Rhythmic Gymnastics

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Rhythmic Gymnastics is an amazing sport, which lends itself well to dancers and performers alike. It’s a fantastic blend of expressive movement combined with the handling of equipment, which offers the best all-around physical and mental development for young women. If you like the benefits of dance, acrobatics, ballet and expressive movement combined with a unique blend of gymnastics then your daughter will LOVE Rhythmic Gymnastics!
Shire Gymnastics boasts one of the strongest Rhythmic Gymnastics programs in NSW with gymnasts consistently achieving State, National and International representation. We are the only specialised, dedicated Rhythmic Gymnastics program in the Sutherland Shire and our staff are extremely friendly, passionate and most Importantly experienced with many being top level gymnasts themselves. Our family feel paired with outstanding quality gymnastics is second to none.
We have a range of classes to suit all ages and abilities and we’d love to hear from you!

For more information or to book a trial please contact us on 0411 480 114 or rg@shiregymnastics.com.au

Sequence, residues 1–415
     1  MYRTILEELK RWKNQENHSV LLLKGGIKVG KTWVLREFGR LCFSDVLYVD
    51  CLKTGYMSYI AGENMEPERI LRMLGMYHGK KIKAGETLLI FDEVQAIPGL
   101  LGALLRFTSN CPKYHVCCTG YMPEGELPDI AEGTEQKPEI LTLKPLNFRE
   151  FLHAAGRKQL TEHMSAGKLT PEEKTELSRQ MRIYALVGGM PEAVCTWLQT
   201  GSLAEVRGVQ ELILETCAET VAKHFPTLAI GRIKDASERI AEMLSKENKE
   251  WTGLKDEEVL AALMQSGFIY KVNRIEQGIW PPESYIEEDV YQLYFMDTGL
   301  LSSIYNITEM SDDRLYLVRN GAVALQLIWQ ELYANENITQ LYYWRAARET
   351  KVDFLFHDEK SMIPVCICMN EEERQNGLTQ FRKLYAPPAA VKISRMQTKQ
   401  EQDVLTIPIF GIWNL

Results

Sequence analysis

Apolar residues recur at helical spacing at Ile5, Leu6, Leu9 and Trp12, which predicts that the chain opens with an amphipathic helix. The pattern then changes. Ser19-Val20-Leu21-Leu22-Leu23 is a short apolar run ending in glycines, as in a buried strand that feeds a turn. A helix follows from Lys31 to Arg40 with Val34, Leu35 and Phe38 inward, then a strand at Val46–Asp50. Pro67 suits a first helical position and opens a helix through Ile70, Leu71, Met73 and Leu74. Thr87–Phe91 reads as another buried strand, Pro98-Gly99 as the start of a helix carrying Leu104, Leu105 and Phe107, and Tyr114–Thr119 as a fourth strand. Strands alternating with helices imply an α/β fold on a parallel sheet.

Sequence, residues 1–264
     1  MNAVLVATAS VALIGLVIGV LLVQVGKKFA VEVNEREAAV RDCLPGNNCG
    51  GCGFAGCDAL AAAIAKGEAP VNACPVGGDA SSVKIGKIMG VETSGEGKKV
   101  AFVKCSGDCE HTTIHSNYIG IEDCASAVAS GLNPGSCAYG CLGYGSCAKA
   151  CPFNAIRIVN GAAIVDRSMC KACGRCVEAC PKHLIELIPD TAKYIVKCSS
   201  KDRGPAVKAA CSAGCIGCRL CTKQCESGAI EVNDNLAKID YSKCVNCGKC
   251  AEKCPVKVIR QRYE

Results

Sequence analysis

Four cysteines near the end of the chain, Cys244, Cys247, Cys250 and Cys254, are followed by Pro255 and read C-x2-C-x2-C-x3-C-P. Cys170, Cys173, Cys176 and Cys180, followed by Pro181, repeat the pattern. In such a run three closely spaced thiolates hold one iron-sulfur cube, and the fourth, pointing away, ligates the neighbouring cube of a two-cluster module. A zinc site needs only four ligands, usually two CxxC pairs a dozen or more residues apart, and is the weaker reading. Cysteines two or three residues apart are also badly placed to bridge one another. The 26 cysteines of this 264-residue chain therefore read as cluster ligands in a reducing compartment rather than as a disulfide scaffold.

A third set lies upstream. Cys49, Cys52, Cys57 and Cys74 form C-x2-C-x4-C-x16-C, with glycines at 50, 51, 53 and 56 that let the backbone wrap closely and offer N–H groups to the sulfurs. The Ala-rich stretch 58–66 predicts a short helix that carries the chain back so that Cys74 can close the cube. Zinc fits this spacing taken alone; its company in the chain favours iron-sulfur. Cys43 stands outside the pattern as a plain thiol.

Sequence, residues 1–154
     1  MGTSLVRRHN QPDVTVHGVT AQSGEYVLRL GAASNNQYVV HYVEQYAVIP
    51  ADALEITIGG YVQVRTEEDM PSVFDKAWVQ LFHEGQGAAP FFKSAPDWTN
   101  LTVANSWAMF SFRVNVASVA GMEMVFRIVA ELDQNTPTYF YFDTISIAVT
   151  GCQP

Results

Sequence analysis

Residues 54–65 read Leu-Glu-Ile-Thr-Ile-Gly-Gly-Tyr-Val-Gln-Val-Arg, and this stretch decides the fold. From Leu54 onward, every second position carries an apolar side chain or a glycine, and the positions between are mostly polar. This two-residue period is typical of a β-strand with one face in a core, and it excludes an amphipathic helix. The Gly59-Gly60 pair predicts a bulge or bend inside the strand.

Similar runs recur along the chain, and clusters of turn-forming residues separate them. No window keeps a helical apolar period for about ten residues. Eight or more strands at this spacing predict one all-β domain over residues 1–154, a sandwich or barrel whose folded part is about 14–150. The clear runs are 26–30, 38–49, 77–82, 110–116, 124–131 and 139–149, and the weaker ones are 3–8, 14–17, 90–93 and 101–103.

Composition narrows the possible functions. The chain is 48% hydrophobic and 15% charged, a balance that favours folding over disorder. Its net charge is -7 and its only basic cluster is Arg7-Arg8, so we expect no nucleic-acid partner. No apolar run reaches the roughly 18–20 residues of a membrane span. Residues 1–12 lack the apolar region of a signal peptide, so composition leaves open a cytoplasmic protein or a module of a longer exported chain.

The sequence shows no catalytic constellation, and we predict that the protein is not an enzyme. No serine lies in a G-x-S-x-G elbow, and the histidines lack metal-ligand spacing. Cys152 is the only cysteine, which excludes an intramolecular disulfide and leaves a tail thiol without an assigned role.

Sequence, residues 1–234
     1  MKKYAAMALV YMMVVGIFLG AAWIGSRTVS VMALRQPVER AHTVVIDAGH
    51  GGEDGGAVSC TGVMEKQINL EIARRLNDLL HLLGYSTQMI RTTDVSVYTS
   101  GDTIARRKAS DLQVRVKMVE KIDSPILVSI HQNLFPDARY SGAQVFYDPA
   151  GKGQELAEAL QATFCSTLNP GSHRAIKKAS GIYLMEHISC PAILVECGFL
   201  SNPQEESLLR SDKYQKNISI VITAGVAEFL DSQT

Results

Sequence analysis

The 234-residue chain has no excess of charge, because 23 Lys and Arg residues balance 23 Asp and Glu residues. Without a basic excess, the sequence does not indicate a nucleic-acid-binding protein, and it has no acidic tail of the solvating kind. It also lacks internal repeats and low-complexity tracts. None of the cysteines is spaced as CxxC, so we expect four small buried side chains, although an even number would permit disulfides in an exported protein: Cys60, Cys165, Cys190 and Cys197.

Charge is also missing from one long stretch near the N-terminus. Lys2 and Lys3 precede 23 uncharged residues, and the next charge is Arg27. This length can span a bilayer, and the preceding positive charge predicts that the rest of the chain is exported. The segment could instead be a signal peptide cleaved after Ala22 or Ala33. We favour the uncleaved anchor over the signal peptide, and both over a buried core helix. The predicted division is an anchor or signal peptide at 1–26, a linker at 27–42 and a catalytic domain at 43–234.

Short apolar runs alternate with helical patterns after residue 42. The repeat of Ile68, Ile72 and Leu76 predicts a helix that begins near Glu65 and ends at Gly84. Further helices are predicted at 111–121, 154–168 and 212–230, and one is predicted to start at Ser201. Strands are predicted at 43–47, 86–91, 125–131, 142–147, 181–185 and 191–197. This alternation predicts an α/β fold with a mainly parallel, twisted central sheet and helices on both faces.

To see what’s happening in the gym, follow us on Instagram: shiregymnastics_rg

The five rhythmic apparatuses are:-

Rope is made of hemp or similar material. The length of the rope is in proportion to the gymnast’s height. Gymnasts perform leaps, skips, swings, throws and circles with the rope to music.
Gymnasts use a hoop that they can decorate themselves (usually to coordinate with their leotard). Skills include rotation of the hoop around the body and hands; they need to through and over the hoop. Other skills performed are rolls, swings, circles and throws of the hoop.
 
There are two clubs used in this discipline, they are usually made of plastic or wood. Both clubs are 40-50cm long, with a diameter of 30mm, and weight at least 150g. When gymnasts perform a routine with clubs they do small circles, mills, throws and catches with as many symmetrical movements/figures as possible.
Rhythmic balls are made of plastic or rubber with a diameter of 18-20cm weighing 400g. They come in a variety of colours and designs that the gymnast can co-ordinate with their leotard. Gymnasts are not to grip as much as hold the ball, they are to use both hands while performing throws, balance, rolls and catches. Routines are to have flowing continuous movement.
Ribbons are 6 m long and are made of satin or similar material attached to a fibreglass rod 50 – 60cm long. Gymnast’s co-ordinate spirals, circles, swings, serpent and snake spirals with throws. Ribbons are the best known and most captivating of all the rhythmic apparatuses.